China’s top law enforcement official has ordered 24-hour security patrols in the country’s western Xinjiang region in response to the worst violence seen in the ethnically-mixed area in years.
Chinese state media said Meng Jianzhu visited the regional capital of Urumqi on Saturday to give the instruction for non-stop patrols of Xinjiang communities in “all weather conditions.”
His order came three days after a riot erupted in Shanshan county, killing at least 35 people in the region’s deadliest such incident since 2009, when about 200 people were killed in ethnic fighting in Urumqi. Xinjiang has seen years of tension between ethnic Uighurs, a mostly Muslim indigenous group, and majority Han Chinese.
The Uyghur American Association, a Washington-based rights group, has said it expects security to remain tight in Xinjiang through July 5, the fourth anniversary of start of the 2009 riots.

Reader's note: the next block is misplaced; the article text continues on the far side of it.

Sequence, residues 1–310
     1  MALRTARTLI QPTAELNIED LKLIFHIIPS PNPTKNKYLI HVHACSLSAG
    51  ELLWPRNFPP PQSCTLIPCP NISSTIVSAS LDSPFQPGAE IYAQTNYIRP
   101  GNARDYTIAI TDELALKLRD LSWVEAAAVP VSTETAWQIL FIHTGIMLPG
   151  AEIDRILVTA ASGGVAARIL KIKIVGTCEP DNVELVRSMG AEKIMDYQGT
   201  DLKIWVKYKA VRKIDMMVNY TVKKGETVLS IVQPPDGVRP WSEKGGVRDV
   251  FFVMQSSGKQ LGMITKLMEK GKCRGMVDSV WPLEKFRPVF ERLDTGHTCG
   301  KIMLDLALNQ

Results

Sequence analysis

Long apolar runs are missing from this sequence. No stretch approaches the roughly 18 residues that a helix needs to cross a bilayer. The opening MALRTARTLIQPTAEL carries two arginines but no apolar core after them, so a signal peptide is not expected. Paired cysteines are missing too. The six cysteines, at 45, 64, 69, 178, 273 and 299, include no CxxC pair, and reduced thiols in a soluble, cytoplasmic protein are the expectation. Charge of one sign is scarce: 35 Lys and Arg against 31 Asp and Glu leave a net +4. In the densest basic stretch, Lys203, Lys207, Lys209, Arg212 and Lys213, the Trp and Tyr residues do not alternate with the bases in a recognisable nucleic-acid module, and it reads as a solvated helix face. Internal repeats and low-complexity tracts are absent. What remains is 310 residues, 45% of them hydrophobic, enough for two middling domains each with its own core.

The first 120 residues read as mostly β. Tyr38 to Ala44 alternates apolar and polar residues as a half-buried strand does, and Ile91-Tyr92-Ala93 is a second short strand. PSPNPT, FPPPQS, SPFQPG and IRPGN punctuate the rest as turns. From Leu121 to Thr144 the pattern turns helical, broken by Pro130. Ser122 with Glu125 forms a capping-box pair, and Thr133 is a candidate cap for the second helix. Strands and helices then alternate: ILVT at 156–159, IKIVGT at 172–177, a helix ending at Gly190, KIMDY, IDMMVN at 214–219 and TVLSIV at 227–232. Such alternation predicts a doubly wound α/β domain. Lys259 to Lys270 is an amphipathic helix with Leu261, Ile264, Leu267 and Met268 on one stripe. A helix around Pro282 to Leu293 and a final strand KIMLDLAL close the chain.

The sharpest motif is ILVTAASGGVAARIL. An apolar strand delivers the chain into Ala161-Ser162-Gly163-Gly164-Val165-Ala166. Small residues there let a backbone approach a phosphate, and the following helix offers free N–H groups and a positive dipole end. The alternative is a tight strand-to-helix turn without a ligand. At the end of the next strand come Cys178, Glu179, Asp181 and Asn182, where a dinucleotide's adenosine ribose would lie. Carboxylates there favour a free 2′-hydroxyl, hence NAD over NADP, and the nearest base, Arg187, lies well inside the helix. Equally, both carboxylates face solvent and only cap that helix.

Xinjiang’s government posted new details of the June 26 riot on its website on Sunday, blaming it on an Islamist group that it accused of regularly listening to recordings promoting violence. It said the 17-member group had been raising money and buying knives and gasoline since mid-June to prepare to carry out attacks.
The Xinjiang administration said it captured a member of the group on Tuesday, prompting the other members to go on a rampage in Lukqun township the next day. State media have said they attacked a police station, a local government building and a construction site, killing 24 people, including 16 fellow Uighurs. The reports said Chinese police killed 11 of the assailants and captured the others, the last of them on Sunday.
In the region’s latest violent incident, state media said more than 100 people carrying knives and riding motorcycles attacked a police station in Hotan county on Friday. There was no immediate word on casualties.
Beijing blames much of Xinjiang’s recent unrest on what it calls Uighur terrorists affiliated with the banned East Turkestan Islamic Movement (ETIM) and trained in neighboring Pakistan. Uighur rights activists deny that their kinsmen engage in terrorism, saying most of the violence in Xinjiang is the result of Han Chinese suppression of Uighur culture and economic opportunities.